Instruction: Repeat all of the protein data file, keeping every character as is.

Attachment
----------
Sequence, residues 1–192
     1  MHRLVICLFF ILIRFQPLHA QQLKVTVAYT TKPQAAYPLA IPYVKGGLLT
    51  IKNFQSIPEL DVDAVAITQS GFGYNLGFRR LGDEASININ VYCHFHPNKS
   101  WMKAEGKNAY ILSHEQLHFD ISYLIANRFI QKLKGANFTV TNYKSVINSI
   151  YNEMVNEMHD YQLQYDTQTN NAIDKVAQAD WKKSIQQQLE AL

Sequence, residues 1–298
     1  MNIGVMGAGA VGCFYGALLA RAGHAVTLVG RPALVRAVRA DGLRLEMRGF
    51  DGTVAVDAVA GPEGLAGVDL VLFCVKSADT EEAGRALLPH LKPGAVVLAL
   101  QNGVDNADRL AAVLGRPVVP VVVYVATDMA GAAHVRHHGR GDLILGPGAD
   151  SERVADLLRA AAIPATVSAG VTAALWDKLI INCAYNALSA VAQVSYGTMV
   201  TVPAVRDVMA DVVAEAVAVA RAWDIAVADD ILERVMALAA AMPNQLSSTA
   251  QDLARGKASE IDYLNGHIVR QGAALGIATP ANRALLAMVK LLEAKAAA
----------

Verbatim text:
Sequence, residues 1–192
     1  MHRLVICLFF ILIRFQPLHA QQLKVTVAYT TKPQAAYPLA IPYVKGGLLT
    51  IKNFQSIPEL DVDAVAITQS GFGYNLGFRR LGDEASININ VYCHFHPNKS
   101  WMKAEGKNAY ILSHEQLHFD ISYLIANRFI QKLKGANFTV TNYKSVINSI
   151  YNEMVNEMHD YQLQYDTQTN NAIDKVAQAD WKKSIQQQLE AL

Sequence, residues 1–298
     1  MNIGVMGAGA VGCFYGALLA RAGHAVTLVG RPALVRAVRA DGLRLEMRGF
    51  DGTVAVDAVA GPEGLAGVDL VLFCVKSADT EEAGRALLPH LKPGAVVLAL
   101  QNGVDNADRL AAVLGRPVVP VVVYVATDMA GAAHVRHHGR GDLILGPGAD
   151  SERVADLLRA AAIPATVSAG VTAALWDKLI INCAYNALSA VAQVSYGTMV
   201  TVPAVRDVMA DVVAEAVAVA RAWDIAVADD ILERVMALAA AMPNQLSSTA
   251  QDLARGKASE IDYLNGHIVR QGAALGIATP ANRALLAMVK LLEAKAAA